Monday, 26 December 2011

Book Review: Cooking Without Recipes

For some reason, I got given a lot of cookbooks yesterday.  Do you think that maybe people might be under the impression that I like cooking?

One of them was this.  My mother's note with it said 'saw this and thought of you' - and she was so right.    This book says what I have been saying for many years - that recipes are all very well, but that they are only a guideline.  Except when baking, you can usually just ask Nigella what she thinks chestnuts are for and just wing it.  Even when baking, start with a basic sponge mix at 180 and whatever else you put in it (except too much liquid) can't go far wrong.

The book starts nicely with a bit of family background, with the author talking about his aged, widower father finally learning to cook all the dishes he loved best.  It's a bittersweet tale as father dies before he achieves his goal of effortless cooking, but it's a lovely example of the 'if so-and-so can, then you can' school of encouragement from food writers.  Delia tries it with herself but I don't know if any of us believe her.

Moving on, he describes the basic tools needed for decent cooking - big pan, frying pan, pestle and mortar. Not much else.  The pestle and mortar is a very nice touch, non-obvious and an encouragement to get mashing unusual flavours.  No-one uses enough marinades and rubs in this country.  The big pan is the Etch-A-Sketch of the kitchen - create anything you like by twisting the gas knobs, and if it goes wrong just shake it all up and make soup.  Soup is Mr Dundas' fallback cock-up dish, which is again a philosophy I can get behind.  What happens to cocked-up soup however remains a mystery.

Then he goes into the main description of what sort of cooking you might try with various ingredients.  They're divided very roughly into meat, fish, veg, nuts and seeds etc. and there are some great suggestions for combos (eg. seafood and vermouth) and basic sauces with which to experiment.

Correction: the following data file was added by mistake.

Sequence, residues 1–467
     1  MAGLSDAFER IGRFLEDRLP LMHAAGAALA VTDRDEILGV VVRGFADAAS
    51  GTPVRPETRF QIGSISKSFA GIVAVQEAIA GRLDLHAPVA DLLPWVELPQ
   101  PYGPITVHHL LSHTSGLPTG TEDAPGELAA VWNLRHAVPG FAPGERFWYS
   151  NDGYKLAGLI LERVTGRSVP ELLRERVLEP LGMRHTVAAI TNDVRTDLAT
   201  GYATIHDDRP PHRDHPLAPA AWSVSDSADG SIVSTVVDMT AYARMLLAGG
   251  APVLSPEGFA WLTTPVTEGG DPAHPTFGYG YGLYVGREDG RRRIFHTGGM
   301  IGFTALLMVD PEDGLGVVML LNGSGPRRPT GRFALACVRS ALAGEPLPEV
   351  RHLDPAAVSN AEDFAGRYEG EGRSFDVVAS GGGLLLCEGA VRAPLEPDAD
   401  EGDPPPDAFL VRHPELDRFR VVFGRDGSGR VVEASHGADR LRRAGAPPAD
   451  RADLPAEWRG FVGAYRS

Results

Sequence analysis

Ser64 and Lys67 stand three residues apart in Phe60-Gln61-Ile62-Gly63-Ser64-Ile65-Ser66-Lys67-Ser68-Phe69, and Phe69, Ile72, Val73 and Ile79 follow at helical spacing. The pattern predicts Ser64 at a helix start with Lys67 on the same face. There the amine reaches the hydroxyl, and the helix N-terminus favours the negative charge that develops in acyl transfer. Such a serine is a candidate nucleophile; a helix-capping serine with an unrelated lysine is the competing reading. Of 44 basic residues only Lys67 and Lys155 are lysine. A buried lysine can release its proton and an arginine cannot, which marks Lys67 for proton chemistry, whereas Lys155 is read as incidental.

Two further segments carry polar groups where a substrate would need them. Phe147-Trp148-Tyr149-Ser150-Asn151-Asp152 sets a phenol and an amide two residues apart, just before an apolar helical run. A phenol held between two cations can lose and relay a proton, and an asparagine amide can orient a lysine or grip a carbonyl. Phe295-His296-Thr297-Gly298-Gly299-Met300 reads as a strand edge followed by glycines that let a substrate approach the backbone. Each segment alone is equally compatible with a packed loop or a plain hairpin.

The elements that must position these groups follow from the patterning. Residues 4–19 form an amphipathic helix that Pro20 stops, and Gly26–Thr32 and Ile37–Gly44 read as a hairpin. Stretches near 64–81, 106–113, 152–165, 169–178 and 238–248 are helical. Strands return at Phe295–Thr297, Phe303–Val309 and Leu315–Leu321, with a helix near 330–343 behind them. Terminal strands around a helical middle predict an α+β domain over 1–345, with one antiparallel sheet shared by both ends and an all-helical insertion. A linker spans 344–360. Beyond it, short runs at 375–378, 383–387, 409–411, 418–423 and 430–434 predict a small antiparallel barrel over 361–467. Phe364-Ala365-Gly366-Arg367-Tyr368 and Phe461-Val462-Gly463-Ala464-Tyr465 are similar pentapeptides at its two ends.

Influences and flavours
There is a lot of French in this book I think, but then I was never quite sure what 'French' cooking was as a child.  To me, using a lot of garlic and herbs became second nature watching my parents, so I never made the distinction between French and British.  The big 5 flavours in this book are virgin olive oil, garlic, salt, peppercorns of various colours and lemons.  Not unfamiliar to many I hope.  I've already vowed to have more lemons in my kitchen when I get one of really my own, partly because the Man and I drink a lot of G&Ts and partly because Dundas is right - they are a very versatile flavour.

Suggestions, Hints and Tips
The biggest tip in the book, most repeated and consistent is 'look at the food.'  Look at it, poke it, prod it, smell it, know it, and start to work out what it is for.  Is it a crunchy thing, an oily thing, a gamey thing, a slow-cook or fast-cook thing?  Then you can start to mix and match it with other things.  He gives some guidance on meats, and how to get the best out of them; a couple of not-really-recipes along the way like 'squash whole tomatoes into the English Breakfast pan so that they explode tomato over everything else' (I'm paraphrasing).  Generally though you are left to make up your own mind, mistakes and -along the way -cock-up soup.  There is also the usual (nowadays) tiresome evangelisation of local shops and farmers markets etc, which we all know we should shop at more but won't.  I forgive him.

I forgive everything because the writing is so very lovely.  Pretty unsubtly Significant Othered (the mention of the many men in his life comes early in the intro) Dundas is constantly referencing how good it will be to cook for friends -or a lover.  Favourite turn of phrase about the necessity of lemons -'Being ill without hot toddy with lemon and Scotch whisky is like being in love without Champagne.'  Possible, but not nearly as nice.  Brilliant.  Unlike my other favourite gay cook, Nigel Slater (who Dundas is also justly fond of), his writing evokes not the simple, tasty but rather lonely supper for one man and his food but the joyous shared experiment.  There is a 'we're all in this together' about the whole book.  None of Nigel's small, perfect, seasonal portions here - it's all bold, random, hearty and 'whatever you fancy'.

I recommend that everyone read this book.  It's great inspiration for even the most established foodie, and the best call-to-arms I could think of for anyone who's just trying to make it on their own.  Dundas and I share the despair at the cook-by-numbers, Delia generation who have no idea how food actually works, just do as they're told until it comes out 'like it should.'  Shake off the shackles of How To Cook, and pick up Cooking Without Recipes.  Then put it down, buy a pestle and mortar, pour yourself a G&T and wait for inspiration to strike.


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